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Administration of N-Acyl-Phosphatidylethanolamine Expressing Bacteria to Low
Density Lipoprotein Receptor-/- Mice Improves Indices of Cardiometabolic
Authors May-Zhang LS, Chen Z, Dosoky NS, Yancey PG, Boyd KL, Hasty AH, Linton MF, Davies
Submitted By Submitted Externally on 1/25/2019
Status Published
Journal Scientific reports
Year 2019
Date Published 1/1/2019
Volume : Pages 9 : 420
PubMed Reference 30674978
Abstract Obesity increases the risk for cardiometabolic diseases. N-acyl
phosphatidylethanolamines (NAPEs) are precursors of N-acylethanolamides, which
are endogenous lipid satiety factors. Incorporating engineered bacteria
expressing NAPEs into the gut microbiota retards development of diet induced
obesity in wild-type mice. Because NAPEs can also exert anti-inflammatory
effects, we hypothesized that administering NAPE-expressing bacteria to
low-density lipoprotein receptor (Ldlr)-/- mice fed a Western diet would improve
various indices of cardiometabolic disease manifested by these mice.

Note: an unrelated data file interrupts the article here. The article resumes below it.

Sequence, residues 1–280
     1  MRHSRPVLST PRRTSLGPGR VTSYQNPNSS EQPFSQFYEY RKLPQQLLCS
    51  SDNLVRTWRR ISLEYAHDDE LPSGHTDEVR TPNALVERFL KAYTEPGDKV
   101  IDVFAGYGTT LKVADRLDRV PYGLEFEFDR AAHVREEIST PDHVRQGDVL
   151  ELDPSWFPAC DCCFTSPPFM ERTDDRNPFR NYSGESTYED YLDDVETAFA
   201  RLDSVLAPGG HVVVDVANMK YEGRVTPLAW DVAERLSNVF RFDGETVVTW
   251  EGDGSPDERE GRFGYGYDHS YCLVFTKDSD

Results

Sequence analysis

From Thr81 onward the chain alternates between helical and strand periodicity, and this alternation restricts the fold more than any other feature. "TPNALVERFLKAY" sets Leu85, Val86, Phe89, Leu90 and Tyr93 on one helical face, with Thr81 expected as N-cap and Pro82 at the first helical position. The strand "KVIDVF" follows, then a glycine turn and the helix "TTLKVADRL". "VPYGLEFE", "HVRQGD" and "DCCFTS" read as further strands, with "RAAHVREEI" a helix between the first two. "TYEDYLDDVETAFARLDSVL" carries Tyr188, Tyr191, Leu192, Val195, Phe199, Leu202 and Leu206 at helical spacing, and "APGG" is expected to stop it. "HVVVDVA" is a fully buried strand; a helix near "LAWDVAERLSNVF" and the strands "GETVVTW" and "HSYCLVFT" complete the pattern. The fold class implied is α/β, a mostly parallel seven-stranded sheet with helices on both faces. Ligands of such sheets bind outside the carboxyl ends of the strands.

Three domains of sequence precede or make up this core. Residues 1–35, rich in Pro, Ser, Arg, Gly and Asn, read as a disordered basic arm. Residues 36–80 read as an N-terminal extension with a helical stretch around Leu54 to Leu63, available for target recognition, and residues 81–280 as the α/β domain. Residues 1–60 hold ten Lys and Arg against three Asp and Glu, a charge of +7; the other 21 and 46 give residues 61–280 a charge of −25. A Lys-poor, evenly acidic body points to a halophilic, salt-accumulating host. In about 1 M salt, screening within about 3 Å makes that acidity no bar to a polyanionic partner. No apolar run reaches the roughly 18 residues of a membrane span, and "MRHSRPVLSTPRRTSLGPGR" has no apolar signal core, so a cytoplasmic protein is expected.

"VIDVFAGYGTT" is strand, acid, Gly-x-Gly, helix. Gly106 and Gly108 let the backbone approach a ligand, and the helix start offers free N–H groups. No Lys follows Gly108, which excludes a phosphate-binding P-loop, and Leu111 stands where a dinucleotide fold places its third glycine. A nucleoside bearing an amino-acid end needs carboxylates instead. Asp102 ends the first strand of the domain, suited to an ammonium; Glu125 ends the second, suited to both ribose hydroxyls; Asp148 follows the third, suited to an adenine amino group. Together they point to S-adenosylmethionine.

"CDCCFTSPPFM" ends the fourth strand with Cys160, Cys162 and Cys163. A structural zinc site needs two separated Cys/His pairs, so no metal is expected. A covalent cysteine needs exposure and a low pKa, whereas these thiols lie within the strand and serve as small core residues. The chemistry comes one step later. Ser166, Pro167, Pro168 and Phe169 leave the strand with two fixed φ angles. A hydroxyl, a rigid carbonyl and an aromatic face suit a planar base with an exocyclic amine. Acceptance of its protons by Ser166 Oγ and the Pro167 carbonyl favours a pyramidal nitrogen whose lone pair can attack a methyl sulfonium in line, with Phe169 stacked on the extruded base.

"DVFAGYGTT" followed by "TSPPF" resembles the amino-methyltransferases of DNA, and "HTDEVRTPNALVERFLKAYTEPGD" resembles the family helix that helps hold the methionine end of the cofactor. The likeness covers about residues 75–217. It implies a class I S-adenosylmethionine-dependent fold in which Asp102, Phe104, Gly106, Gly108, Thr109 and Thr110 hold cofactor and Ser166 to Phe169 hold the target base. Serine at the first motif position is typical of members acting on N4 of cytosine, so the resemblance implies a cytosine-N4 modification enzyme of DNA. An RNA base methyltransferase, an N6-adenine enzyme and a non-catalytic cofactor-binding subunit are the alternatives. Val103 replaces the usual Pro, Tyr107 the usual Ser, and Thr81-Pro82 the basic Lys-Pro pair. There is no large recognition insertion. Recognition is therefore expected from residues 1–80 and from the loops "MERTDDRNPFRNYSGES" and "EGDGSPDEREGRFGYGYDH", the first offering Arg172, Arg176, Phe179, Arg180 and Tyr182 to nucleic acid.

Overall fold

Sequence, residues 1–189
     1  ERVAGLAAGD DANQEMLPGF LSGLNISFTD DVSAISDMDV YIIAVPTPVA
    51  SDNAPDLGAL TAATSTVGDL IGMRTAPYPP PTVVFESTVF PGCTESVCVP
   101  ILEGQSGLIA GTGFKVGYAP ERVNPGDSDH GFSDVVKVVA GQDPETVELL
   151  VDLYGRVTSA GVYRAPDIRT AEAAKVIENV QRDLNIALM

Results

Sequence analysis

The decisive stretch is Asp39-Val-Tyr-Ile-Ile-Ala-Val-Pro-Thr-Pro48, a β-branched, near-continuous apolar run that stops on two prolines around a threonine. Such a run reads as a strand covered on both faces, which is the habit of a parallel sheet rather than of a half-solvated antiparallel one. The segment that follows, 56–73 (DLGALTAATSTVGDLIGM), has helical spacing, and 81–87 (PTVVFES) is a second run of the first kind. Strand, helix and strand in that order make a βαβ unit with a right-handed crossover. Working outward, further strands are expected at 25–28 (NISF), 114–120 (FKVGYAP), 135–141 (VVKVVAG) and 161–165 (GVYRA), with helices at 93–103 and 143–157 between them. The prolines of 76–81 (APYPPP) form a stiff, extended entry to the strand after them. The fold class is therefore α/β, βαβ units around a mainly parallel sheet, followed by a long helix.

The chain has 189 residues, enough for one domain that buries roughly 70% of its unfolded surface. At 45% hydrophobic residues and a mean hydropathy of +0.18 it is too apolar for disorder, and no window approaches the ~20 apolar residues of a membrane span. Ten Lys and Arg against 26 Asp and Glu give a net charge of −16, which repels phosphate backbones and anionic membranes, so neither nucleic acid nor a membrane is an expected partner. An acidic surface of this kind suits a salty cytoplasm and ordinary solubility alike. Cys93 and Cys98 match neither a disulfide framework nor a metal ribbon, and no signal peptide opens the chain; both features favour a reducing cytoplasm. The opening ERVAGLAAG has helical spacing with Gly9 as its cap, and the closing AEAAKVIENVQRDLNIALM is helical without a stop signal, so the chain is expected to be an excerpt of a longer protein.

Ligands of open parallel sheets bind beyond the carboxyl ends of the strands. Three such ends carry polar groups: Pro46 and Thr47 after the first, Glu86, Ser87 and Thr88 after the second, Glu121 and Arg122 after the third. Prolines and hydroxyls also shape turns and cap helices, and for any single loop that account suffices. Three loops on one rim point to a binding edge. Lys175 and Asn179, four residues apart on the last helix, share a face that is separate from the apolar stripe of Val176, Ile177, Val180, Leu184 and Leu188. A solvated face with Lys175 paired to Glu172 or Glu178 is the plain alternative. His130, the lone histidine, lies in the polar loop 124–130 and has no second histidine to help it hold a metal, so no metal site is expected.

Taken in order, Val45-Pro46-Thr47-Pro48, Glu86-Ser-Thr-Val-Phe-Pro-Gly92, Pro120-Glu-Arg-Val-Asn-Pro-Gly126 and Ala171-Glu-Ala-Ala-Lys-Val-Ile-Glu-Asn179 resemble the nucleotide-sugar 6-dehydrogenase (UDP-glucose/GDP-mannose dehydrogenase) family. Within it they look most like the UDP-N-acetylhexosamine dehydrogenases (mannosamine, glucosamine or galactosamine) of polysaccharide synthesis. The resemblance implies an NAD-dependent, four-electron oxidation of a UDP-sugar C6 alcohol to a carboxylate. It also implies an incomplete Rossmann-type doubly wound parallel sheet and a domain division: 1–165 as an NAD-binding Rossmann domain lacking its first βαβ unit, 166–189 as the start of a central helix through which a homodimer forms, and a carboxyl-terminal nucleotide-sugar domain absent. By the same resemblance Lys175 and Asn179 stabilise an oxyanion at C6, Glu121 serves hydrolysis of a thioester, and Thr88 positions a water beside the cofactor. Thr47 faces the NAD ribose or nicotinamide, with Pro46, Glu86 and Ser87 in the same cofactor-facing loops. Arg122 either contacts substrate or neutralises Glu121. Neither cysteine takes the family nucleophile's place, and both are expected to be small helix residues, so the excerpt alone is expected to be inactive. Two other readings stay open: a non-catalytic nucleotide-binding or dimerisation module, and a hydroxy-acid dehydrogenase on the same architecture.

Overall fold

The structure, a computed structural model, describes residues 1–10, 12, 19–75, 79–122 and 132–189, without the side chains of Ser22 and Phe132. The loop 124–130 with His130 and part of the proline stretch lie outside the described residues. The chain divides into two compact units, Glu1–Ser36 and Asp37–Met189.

NAPE-expressing E. coli Nissle 1917 (pNAPE-EcN), control Nissle 1917 (pEcN), or
vehicle (veh) were given via drinking water to Ldlr-/- mice for 12 weeks.
Compared to pEcN or veh treatment, pNAPE-EcN significantly reduced body weight
and adiposity, hepatic triglycerides, fatty acid synthesis genes, and increased
expression of fatty acid oxidation genes. pNAPE-EcN also significantly reduced
markers for hepatic inflammation and early signs of fibrotic development. Serum
cholesterol was reduced with pNAPE-EcN, but atherosclerotic lesion size showed
only a non-significant trend for reduction. However, pNAPE-EcN treatment reduced
lesion necrosis by 69% indicating an effect on preventing macrophage
inflammatory death. Our results suggest that incorporation of NAPE expressing
bacteria into the gut microbiota can potentially serve as an adjuvant therapy to
retard development of cardiometabolic disease.


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